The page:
“Aaaaa… cries the baby”
As a beginning reader, it is important for students to learn the
correspondences between letters and sounds. Vowels are very important
in learning to read because they are found in every word. Because short
vowels can be hard to learn, it is important for students to have
explicit instruction and practice. This lesson will help students learn
to recognize and read the correspondence a=/a/. The students will learn
the correspondence a=/a/ by making a memorable connection to the
correspondence in written and spoken words.
Chart with tongue twister
Book: The Cat in the Hat
Letter tiles-a, c, t, b, k, p, l, g, r, s
1. I will begin the lesson by introducing the phoneme sound /a/. Also
by asking, “Have you ever heard a baby cry?” Well, today the phoneme
that we are going to working on makes the sound of a baby crying.
“Aaa.” It may also help the student to explain what the mouth movements
for this sound look like. “Watch my mouth as I make the /a/ phoneme.
Notice my jaw and tongue are down.” I can also show them to make the
movement of rubbing their fists by their eyes like they are crying
while saying /a/ to help them remember the sound better. “Now I want
you to try making the /a/ sound and movement”.
2. At this point I will show my student the letter Aa. I will write it
on the board so they can see it easily. As I am writing it I will
reemphasize that this letter makes the “Aaa” sound.
3. I will now have my student practice the “Aaa” sound by teaching them
a tongue twister that focuses on words with the /a/ phoneme in it.
“Abby asked Alice about astronauts after adding apples.” I will have my
student listen to me say it and then have them repeat it several times
by their self.
4. Now I have my student practice writing the grapheme Aa. I will give
my student primary writing paper and a pencil and will first model to
them how they will write it. I will explain, “to make a capital
letter A start at the rooftop and slide down toward the sidewalk in
both directions. Now draw a line connecting the two along the fence. To
make a lowercase letter a start slightly below the fence line, curve up
to the fence line, around to the left all the way to the sidewalk and
back up halfway to the fence. Then draw a line from the fence to the
sidewalk closing off the letter. After my student watches me write the
letters they should practice writing at least five of each on their
5. At this point I will do an exercise with my students in which they
will have the opportunity to distinguish the /a/ phoneme in spoken
words. I will tell the children to making the movements of a baby
crying if they hear that sound in the following words. Do you hear the
/a/ sound in alligator or elephant? Do you hear the /a/ sound in crab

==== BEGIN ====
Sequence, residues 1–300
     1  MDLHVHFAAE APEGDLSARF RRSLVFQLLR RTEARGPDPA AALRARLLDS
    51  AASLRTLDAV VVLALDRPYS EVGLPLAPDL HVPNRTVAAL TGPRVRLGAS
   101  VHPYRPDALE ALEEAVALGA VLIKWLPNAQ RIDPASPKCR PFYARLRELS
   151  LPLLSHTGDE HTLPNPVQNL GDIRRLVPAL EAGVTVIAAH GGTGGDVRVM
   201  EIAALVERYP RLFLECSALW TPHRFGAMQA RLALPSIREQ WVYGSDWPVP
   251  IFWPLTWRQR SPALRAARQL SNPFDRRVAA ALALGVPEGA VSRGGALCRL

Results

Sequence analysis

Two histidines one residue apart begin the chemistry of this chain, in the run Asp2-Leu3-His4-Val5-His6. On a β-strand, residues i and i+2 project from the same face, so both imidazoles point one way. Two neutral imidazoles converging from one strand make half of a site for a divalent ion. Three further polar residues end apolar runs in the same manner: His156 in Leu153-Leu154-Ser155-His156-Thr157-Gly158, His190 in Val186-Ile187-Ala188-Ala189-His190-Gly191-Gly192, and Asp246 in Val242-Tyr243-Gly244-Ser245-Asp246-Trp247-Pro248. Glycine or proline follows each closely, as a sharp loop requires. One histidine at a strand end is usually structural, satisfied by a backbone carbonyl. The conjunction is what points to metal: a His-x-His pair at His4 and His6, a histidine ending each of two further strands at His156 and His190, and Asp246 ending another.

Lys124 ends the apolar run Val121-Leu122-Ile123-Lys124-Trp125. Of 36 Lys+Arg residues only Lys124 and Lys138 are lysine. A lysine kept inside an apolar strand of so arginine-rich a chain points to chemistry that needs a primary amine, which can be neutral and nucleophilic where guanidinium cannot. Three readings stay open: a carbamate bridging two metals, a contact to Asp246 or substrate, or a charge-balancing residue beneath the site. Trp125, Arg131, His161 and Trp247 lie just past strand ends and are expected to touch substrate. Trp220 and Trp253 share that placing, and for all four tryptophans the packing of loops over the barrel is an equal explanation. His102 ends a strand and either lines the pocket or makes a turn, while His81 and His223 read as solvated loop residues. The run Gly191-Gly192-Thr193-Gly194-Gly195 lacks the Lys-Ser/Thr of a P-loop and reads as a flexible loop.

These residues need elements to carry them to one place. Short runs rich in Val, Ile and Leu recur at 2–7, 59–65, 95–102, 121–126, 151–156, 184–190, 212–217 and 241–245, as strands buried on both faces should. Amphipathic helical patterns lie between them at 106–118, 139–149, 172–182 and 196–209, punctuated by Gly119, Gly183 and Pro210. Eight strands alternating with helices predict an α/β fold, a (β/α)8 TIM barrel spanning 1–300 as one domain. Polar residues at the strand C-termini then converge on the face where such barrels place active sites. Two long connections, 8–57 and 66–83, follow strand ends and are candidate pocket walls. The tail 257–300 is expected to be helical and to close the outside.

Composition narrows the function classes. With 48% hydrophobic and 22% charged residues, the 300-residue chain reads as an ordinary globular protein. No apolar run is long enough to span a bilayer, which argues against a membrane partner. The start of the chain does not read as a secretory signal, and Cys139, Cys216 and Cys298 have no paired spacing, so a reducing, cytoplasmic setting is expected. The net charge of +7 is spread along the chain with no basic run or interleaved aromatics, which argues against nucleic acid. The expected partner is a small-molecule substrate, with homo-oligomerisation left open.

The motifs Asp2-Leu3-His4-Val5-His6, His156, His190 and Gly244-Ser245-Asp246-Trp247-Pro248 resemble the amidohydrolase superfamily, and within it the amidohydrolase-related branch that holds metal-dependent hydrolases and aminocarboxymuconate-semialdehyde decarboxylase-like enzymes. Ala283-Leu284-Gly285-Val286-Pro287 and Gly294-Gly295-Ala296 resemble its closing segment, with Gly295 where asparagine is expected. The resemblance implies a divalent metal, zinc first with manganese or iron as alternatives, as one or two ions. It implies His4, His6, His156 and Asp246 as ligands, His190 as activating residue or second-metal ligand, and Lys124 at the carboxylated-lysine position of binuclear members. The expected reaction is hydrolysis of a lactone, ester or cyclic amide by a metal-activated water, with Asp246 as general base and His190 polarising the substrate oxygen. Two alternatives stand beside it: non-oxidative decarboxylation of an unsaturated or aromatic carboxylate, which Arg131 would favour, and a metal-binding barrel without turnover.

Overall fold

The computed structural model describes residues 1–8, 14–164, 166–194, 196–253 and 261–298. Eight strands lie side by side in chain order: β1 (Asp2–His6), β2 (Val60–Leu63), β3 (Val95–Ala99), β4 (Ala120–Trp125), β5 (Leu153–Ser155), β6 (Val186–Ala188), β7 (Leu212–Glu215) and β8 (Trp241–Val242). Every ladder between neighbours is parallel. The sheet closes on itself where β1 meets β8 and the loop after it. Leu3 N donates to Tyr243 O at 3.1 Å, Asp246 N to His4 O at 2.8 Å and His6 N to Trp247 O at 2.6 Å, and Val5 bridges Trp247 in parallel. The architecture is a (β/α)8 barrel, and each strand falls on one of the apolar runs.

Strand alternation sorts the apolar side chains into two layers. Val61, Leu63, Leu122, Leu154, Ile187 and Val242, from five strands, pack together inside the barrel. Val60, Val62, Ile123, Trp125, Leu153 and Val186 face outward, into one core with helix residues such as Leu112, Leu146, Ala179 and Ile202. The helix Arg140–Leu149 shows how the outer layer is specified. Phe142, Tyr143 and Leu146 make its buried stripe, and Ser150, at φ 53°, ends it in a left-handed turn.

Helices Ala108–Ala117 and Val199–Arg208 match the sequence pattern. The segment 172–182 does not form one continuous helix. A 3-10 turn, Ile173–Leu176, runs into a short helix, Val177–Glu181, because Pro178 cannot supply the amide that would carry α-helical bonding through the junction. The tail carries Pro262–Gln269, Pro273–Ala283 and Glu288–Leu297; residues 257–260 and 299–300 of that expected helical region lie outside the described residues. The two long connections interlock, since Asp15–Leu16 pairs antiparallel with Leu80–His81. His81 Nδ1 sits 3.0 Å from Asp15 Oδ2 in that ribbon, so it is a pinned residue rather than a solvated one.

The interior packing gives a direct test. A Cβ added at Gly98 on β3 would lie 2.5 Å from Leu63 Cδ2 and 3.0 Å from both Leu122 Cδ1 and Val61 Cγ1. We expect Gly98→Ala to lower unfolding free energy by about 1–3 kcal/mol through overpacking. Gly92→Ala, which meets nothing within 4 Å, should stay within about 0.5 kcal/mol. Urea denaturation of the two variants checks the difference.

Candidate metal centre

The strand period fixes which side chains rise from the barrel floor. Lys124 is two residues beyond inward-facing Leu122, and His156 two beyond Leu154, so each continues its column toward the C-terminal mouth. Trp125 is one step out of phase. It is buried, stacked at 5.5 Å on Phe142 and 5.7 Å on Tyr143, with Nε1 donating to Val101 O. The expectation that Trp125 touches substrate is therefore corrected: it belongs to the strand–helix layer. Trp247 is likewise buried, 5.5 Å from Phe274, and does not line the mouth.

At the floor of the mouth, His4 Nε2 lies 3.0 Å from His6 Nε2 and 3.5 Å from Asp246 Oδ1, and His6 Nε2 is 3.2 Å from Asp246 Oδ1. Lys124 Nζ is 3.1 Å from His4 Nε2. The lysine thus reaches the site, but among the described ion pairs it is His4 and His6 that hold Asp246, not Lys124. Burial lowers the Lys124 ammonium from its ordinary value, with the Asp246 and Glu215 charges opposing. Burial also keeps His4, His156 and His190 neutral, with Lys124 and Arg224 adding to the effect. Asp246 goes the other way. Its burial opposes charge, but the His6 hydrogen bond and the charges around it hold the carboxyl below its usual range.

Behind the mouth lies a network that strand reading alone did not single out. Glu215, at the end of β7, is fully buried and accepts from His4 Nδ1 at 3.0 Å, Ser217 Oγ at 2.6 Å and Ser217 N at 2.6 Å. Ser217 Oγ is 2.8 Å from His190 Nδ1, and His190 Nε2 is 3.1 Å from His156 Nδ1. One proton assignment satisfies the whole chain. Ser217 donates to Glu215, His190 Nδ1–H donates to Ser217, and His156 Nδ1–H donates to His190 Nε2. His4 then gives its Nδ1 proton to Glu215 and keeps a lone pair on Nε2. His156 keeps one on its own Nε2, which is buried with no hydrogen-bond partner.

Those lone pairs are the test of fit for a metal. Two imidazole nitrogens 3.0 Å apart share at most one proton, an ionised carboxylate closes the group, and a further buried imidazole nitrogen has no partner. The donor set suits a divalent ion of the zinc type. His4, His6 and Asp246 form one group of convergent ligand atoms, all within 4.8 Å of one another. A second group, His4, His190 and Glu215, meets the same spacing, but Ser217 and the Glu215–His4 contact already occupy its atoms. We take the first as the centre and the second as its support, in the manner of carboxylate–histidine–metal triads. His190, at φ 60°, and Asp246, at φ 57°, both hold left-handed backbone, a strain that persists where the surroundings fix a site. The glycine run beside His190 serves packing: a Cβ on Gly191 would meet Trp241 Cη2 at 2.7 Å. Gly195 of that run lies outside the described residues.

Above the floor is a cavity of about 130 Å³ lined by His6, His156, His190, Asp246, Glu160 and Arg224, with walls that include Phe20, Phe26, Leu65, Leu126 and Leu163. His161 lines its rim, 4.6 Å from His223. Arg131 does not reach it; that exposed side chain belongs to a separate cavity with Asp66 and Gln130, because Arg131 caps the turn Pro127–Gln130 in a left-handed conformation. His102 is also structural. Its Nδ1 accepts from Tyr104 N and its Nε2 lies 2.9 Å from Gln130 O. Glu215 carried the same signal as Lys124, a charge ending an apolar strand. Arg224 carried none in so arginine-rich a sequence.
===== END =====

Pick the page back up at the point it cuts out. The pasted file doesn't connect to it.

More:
or dog? Do you hear the /a/ sound in activity or lesson?
6. Now I will tell my student they will are going to practice what
we’ve been learning by having them spell some words. I will explain
that they will be working with letterboxes and letter tiles. I will
have a list of words ready with the phoneme /a/ in them along with some
review words from previous lessons if applicable. Some possible
examples for /a/ words include: (3) act, back, pal (4) grass,
past (5) strap. I will model how the students should segment the words
by demonstrating with the word blast.
7. I will now have my student read The Cat in the Hat by Dr. Seuss. I
will introduce the story with a short book talk. For example. This is
the cat in the hat and one rainy day he decides to come to this little
boy and little girl’s house to play with them. As soon as he gets there
he begins doing all sorts of crazy things like juggling their
possessions. Do you think he’s going to break their things or get them
in trouble when their parents come back? Let’s keep reading to find out
what all the cat does. After the student has read the story I will ask
if they can tell me some words from the story that have the /a/
phoneme. I will make a list of the words my student says on the
For an assessment I will give my students a worksheet that will give
them more practice with the /a/ phoneme. The worksheet will have
pictures of words of common words with the /a/ phoneme. Below each
picture will be blank letterbox squares with the appropriate number of
boxes corresponding to the amount needed for the word. My student will
try to fill in as many of the letterboxes as they can. For example, if
there is a picture of a cat the student should place c-a-t in the three
empty boxes below.
Dr. Seuss. The Cat in the Hat. Random House 1957.
Murray, B.A., & Lesnialk, T. (1999). The letterbox lesson: A
hands-on approach for teaching decoding. The Reading Teacher, 52,
Aaa! It's a Rat!! by Elanor McDavid
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